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Esprit Turbo project car - part3 - the further continuation


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Something else really needs to be clarified. There are book tolerances for parts. Measuring is tricky and there are serval errors that can affect readings. I have found even though a part may be in spec its performance may not be perfect. This is really where you gain by knowing this engine. The specialists can examine parts and instantly know when its toast or reusable. Thats why a specialist checked over all of my parts on the previous build before I assembled the engine and why I have done exactly the same this time. Unfortunately last time they were ok and this time they were not.

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On 16/02/2020 at 16:01, 910Esprit said:

Venolia - an American brand.    The slight variation being that they are oversised that allowed them to be used in rebored original liners.   As mentioned, now at 40k miles in engine running at upto 10psi with HC compression (and an HC head)

Whats the difference on an HC head? Im pretty sure the two Professional Mahle piston builds are using the standard LC head.

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3 hours ago, Lotusfab said:

Well my engine is currently being worked on by the professionals. Because of the three failures I am obsessed with metal fatigue. This engine is effectively new. Heres why from the top down! 

two replacement camshafts and cam carriers.

new steel cam followers

New cylinder head studs

cylinder head professional rebuild, new guides, inlet and exhaust valves.

new collets.

 good used Mahle pistons

 new piston rings

new big end bolts

crankshaft regrind to 10 thou,

new thrust bearings.

New main bearings

New big end bearings.

New steel liners

professional liner install, ring gapping and piston installation.

new replacement auxillery housing, new oil pump annulus and Rotor.

Im thinking about replacing the tensioner, but this might lead to new pulleys and a round tooth cam belt!

If I finished this build I will be just bolting it together and shiming the valves, which I have already done before. The shimming and sealing on my previous build were as good as any professional job. My issue now is time and whether I have enough to complete the job with all my other comitments.

The automatic tensioner is a concern. I replaced the springs and tensioned it perfectly using the correct procedure and with the correct Lotus guage. I would say when I took the engine apart the tension on the belt had reduced! If this system is used again the belt tension must be watched carefully!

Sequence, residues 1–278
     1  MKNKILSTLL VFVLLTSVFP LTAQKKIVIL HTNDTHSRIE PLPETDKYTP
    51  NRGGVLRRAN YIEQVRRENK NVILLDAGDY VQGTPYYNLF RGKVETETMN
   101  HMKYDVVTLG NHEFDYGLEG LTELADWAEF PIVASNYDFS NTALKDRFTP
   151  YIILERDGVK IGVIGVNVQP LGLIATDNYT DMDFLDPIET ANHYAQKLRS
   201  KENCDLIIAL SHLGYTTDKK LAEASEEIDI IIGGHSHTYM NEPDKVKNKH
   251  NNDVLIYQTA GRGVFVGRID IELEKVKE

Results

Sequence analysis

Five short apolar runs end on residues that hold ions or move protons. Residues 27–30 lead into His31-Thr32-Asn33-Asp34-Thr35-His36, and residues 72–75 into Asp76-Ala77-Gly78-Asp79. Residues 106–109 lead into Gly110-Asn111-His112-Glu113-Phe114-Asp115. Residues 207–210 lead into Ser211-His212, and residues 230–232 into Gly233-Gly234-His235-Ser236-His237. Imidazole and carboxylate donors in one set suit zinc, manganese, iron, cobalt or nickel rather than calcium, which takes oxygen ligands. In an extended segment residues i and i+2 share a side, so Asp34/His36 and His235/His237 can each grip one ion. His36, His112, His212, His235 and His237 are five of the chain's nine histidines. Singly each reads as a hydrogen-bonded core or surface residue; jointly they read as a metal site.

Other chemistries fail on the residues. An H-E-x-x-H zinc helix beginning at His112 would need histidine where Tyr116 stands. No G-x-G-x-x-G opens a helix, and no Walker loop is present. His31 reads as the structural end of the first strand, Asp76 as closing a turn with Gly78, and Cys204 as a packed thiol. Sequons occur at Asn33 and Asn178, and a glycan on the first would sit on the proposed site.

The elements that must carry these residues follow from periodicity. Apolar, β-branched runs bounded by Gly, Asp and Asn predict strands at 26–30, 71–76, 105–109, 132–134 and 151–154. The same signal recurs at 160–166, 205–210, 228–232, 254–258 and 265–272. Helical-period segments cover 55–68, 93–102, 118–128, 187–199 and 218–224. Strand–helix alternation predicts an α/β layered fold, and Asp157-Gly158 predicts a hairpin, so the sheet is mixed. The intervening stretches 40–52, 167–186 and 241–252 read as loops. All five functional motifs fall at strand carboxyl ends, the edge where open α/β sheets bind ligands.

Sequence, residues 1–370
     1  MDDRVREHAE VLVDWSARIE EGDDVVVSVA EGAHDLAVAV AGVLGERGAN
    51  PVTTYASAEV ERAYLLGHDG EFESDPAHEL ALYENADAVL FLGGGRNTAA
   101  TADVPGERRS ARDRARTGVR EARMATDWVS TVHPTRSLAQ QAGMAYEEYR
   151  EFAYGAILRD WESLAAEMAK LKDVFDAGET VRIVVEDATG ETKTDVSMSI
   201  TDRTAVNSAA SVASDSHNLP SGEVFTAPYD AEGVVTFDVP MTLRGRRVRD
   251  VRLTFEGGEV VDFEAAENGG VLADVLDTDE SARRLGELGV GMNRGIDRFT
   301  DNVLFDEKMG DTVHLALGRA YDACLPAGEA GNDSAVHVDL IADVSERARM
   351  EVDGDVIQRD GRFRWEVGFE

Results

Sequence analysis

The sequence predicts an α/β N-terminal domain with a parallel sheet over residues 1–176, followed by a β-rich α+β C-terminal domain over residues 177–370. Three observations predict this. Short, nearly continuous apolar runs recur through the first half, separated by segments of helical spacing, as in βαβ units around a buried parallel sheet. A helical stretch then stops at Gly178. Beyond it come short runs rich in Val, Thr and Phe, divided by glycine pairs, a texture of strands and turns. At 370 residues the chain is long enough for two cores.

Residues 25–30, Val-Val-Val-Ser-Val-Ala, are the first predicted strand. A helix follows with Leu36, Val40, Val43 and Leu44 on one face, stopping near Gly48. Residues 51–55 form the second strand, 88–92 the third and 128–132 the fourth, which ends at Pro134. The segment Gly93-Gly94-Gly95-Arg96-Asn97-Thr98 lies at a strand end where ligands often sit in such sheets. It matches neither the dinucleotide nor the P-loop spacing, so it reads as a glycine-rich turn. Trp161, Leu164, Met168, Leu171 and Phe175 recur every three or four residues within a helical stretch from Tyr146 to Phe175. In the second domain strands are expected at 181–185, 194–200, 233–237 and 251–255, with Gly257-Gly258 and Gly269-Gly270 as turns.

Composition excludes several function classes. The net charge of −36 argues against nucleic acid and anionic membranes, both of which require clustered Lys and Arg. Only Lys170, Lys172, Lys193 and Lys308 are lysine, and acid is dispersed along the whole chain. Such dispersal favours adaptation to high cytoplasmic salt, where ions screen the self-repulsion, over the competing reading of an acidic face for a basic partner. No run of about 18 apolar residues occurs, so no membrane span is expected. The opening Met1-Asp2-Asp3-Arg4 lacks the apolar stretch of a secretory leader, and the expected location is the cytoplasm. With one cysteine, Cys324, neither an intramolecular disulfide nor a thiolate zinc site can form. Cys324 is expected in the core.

Oh and add

4 new round tooth pulleys

New round tooth cambelt 

A fixed belt tensioner.

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Inlet ports are larger.  Water stub at front is smaller (but can be swapped).   Ideally you should replace the inlet manifold etc, but I got good results from  simply opening up an LC manifold to blend with the larger ports.   I'm running larger main jets in DHLA40s  LC carbs, which actually have a larger venturi that correct HC DHLA45s.  Although lacking the 'power' jets fitted to the DHLA45s

Edited by 910Esprit
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2 hours ago, 910Esprit said:

Inlet ports are larger.  Water stub at front is smaller (but can be swapped).   Ideally you should replace the inlet manifold etc, but I got good results from  simply opening up an LC manifold to blend with the larger ports.   I'm running larger main jets in DHLA40s  LC carbs, which actually have a larger venturi that correct HC DHLA45s.  Although lacking the 'power' jets fitted to the DHLA45s

Interesting you have  made so many mods. I have been told my two specialists that no mods to the engine are required to operate with the Mahle pistons. The reson is the gasket. The original gasket was 1 mm thick. The HC compression is 10 PSI more per cylinder. The Goetze gasket is 1.7 mm thick. This extra thickness results in the compression ratio being reduced back to the LC ratio. I will measure the compression before the engine is run to confirm this is correct.

45 minutes ago, Steven162 said:

Are the professionals fitting the head?

Not sure yet, I may do it.

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Another feature of the Venolia pistons was that the spec compensated for for the reduced compression of the Goetze gasket!   All the mods are just about giving the car some extra 'go' but within the acceptable limits of a carburated turbo.   As mentioned ealier, I've done 40K in this config, so I guess its OK.   There is also an Alunox manifold on it too....

I assume your advice is correct. but bear in mind that Mahle pistons in Nickasil liners run a much closer tolerance than LC pistons do in  standard iron liners.  (IIRC its something like 2thou vs 6thou)    TBH I've never checked whether the liner ID or the piston OD accounts for the clearance reduction.

 

 

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Having researched it I think the cam belt must be converted to round tooth. With so much invested I cant risk tooth slip. Its also a major step forward to,replace the tensioner, especially as my HC block is designed for it already. I am also upgrading the needle bearing. In the end of the crank, I never liked that bearing even though I renewed it. 

To upgrade to round tooth you need three pulley wheels and the crankshaft one. The fixed tensioner parts are all available new from S and J. Talking to the experts the three biggest issues on the engine are the adjustable tensioner, square tooth belt and the pistons. Replacing all of these hopefully will result in a very robust power plant. IMG_0976.thumb.PNG.27893f5eea9d7496b7357e41b08c4210.PNGIMG_0981.thumb.PNG.42190fe128c0e18ac3fbd4508b5be683.PNG

I wont flower it up its very annoying what has happened but I think I'm heading for a far improved engine.

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1 hour ago, Lotusfab said: